Meng Wanzhou, deputy chairwoman and CFO with Huawei.

 

Just when it seemed as if the U.S. and China might have taken a step along the path toward easing trade tensions, a top executive of Huawei, a Chinese technology giant, has been arrested in Canada at the request of American authorities. 

Now, a mere five days after President Donald Trump and China’s Xi Jinping dined together on Dec. 1 during the G20 summit and announced a 90-day truce on tariffs, analysts are speculating that the tentative agreement, which was already mired in confusion, is unraveling, along with any goodwill that the meeting might have generated between the two countries.

The U.S.-backed detention in Vancouver of Meng Wanzhou, chief financial officer of Huawei Technologies Co.—she was detained in Vancouver on Dec. 1, on the same day that Trump and Xi were having dinner in Buenos Aires, according to news reports—could further motivate U.S. companies to move their supply chains outside China. It might also make companies hesitant about sending employees to China on business, international trade lawyers said Thursday.

Why Meng was detained remains unclear, though the Wall Street Journal and other news outlets reported in April that the U.S. Justice Department was looking into whether Huawei violated U.S. trade sanctions against Iran. Reuters reported Thursday afternoon that Meng was arrested as part of an investigation into the use of the global banking system to evade U.S. trade sanctions, citing confidential sources said to be familiar with the matter. Meng also uses the names Cathy Meng and Sabrina Meng and is the daughter of the company’s founder.

The U.S. Department of Justice in an email Thursday declined to comment on reports that the U.S. attorney for the Eastern District of New York was handling the case, or to provide any other information on the matter.

The Chinese embassy in Canada on Thursday decried Meng’s arrest as a “serious violation of human rights,” and the Chinese government has called on Canadian and U.S. officials for her release, while the U.S. seeks her extradition. 

Peter Quinter, a shareholder at GrayRobinson in Miami who chairs the firm’s customs and international trade law group, said Thursday that he’d just talked with a stateside client who sources all of its products from China and was concerned—and rightfully so—about trade tensions.

“The company is now looking to source their same products from other Asian countries, principally Cambodia and Vietnam,” said Quinter, who also co-chairs the American Bar Association’s customs law committee.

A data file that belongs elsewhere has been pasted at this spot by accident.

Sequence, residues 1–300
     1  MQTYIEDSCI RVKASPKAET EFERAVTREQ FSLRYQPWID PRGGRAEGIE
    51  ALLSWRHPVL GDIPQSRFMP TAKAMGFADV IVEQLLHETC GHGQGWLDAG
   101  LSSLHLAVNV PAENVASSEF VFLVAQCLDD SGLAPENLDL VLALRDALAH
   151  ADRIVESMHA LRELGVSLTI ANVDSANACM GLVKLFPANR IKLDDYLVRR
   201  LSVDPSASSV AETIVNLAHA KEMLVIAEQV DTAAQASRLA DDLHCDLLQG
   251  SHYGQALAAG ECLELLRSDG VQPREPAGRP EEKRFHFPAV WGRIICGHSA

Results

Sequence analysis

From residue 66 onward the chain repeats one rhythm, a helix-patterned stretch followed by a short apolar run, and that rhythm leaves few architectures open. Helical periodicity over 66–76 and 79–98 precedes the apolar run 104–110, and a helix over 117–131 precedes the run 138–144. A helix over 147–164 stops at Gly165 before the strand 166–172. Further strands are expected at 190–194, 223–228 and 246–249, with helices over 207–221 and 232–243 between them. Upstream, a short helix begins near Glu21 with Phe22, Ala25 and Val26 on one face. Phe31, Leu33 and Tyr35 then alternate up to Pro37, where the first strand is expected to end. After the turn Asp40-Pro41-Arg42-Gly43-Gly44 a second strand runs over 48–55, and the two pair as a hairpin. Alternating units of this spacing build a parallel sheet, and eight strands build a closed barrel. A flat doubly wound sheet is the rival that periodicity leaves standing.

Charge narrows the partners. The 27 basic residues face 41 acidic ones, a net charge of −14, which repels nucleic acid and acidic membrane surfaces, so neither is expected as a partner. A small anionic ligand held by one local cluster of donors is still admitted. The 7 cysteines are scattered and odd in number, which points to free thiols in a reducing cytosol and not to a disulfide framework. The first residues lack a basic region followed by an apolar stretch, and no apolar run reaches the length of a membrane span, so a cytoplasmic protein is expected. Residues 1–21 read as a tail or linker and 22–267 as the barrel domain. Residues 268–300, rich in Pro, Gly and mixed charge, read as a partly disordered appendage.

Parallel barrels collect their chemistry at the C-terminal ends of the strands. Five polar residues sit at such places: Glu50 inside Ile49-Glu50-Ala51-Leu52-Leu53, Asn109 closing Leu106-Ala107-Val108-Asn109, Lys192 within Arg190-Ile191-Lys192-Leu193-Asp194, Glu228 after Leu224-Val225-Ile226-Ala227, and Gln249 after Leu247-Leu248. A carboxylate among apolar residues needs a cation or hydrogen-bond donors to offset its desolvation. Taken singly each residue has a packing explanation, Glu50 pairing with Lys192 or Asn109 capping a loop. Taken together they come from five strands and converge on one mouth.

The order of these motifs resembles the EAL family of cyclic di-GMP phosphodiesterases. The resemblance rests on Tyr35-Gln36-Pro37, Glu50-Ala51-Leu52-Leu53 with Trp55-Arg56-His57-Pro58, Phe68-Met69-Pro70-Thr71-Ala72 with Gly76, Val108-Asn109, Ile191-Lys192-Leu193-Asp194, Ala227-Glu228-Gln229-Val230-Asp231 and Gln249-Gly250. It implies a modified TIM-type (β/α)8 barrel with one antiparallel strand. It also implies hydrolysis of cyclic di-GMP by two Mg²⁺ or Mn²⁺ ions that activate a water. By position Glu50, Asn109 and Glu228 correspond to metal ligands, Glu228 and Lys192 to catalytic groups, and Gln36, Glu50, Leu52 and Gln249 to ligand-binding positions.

“It’s a result of the deteriorating relationship between the U.S. and China when it comes to international trade. And it may get worse,” he added.

Moving supply chains outside China is difficult and not a decision that companies make lightly. But trade lawyers and analysts report that an increasing number of clients are making the leap or at least considering the move. And that number is likely to grow if U.S.-China relations continue to sour.

Last June, the U.S. Department of Commerce announced new sanctions on another Chinese telecom, ZTE Corp., that replaced an export denial order previously imposed, over the objections of some U.S. legislators and agency officials. ZTE had been accused of exporting telecommunications components and equipment to Iran and North Korea.

“If I’m in an industry that’s been in the headlines regarding the trade wars, I’d probably raise my worry level a little bit,” said Adams Lee, an international trade lawyer at Harris Bricken in Seattle who represents U.S. and China companies.

He suggested that the recent developments also might make U.S. execs and their employees, especially those who are in the auto and tech industries, which have been hit especially hard by the trade conflict, skittish about visiting China out of fear that they might be detained as trade tensions escalate.

“There’s risk if the countries want to go down this road, but they seem to be willing to go there,” he said. “They’re willing to put businesspeople and their families at risk by detaining them. It seems like they’re being used as negotiating leveraging chips.”

As tensions between the U.S. and China escalated over the Huawei executive’s arrest, Reuters news agency reported exclusively that a Chinese government hacking operation might be behind Marriott International Inc.’s massive data breach.

As for the Marriott breach, Reuters first reported Wednesday that private investigators believed that the breach had the hallmarks of a Chinese cyberattack. The news agency cited three unnamed sources, who also cautioned that the culprits could be from a different country because the hacking tools that were used against Marriott are available online.

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